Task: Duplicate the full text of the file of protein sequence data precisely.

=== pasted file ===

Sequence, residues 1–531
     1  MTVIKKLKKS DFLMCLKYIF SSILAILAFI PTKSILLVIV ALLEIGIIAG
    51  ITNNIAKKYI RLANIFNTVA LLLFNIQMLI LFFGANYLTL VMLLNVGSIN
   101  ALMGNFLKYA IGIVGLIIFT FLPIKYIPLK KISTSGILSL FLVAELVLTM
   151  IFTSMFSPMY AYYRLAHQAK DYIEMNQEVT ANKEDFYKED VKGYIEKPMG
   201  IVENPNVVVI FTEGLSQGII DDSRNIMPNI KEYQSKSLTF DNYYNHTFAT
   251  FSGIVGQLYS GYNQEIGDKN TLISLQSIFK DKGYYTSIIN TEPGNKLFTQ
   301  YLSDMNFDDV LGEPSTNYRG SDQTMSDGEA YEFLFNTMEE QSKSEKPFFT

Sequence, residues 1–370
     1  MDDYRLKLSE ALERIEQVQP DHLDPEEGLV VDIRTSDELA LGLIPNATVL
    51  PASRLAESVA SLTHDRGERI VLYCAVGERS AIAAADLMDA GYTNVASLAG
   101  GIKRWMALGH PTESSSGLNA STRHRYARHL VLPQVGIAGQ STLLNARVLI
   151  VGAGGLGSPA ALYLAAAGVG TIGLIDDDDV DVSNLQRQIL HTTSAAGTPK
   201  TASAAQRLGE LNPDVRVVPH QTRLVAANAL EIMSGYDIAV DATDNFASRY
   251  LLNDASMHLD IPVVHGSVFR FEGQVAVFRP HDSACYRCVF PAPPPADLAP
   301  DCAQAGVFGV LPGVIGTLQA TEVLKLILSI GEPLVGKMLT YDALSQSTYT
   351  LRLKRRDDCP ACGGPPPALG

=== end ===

Sequence, residues 1–531
     1  MTVIKKLKKS DFLMCLKYIF SSILAILAFI PTKSILLVIV ALLEIGIIAG
    51  ITNNIAKKYI RLANIFNTVA LLLFNIQMLI LFFGANYLTL VMLLNVGSIN
   101  ALMGNFLKYA IGIVGLIIFT FLPIKYIPLK KISTSGILSL FLVAELVLTM
   151  IFTSMFSPMY AYYRLAHQAK DYIEMNQEVT ANKEDFYKED VKGYIEKPMG
   201  IVENPNVVVI FTEGLSQGII DDSRNIMPNI KEYQSKSLTF DNYYNHTFAT
   251  FSGIVGQLYS GYNQEIGDKN TLISLQSIFK DKGYYTSIIN TEPGNKLFTQ
   301  YLSDMNFDDV LGEPSTNYRG SDQTMSDGEA YEFLFNTMEE QSKSEKPFFT

Sequence, residues 1–370
     1  MDDYRLKLSE ALERIEQVQP DHLDPEEGLV VDIRTSDELA LGLIPNATVL
    51  PASRLAESVA SLTHDRGERI VLYCAVGERS AIAAADLMDA GYTNVASLAG
   101  GIKRWMALGH PTESSSGLNA STRHRYARHL VLPQVGIAGQ STLLNARVLI
   151  VGAGGLGSPA ALYLAAAGVG TIGLIDDDDV DVSNLQRQIL HTTSAAGTPK
   201  TASAAQRLGE LNPDVRVVPH QTRLVAANAL EIMSGYDIAV DATDNFASRY
   251  LLNDASMHLD IPVVHGSVFR FEGQVAVFRP HDSACYRCVF PAPPPADLAP
   301  DCAQAGVFGV LPGVIGTLQA TEVLKLILSI GEPLVGKMLT YDALSQSTYT
   351  LRLKRRDDCP ACGGPPPALG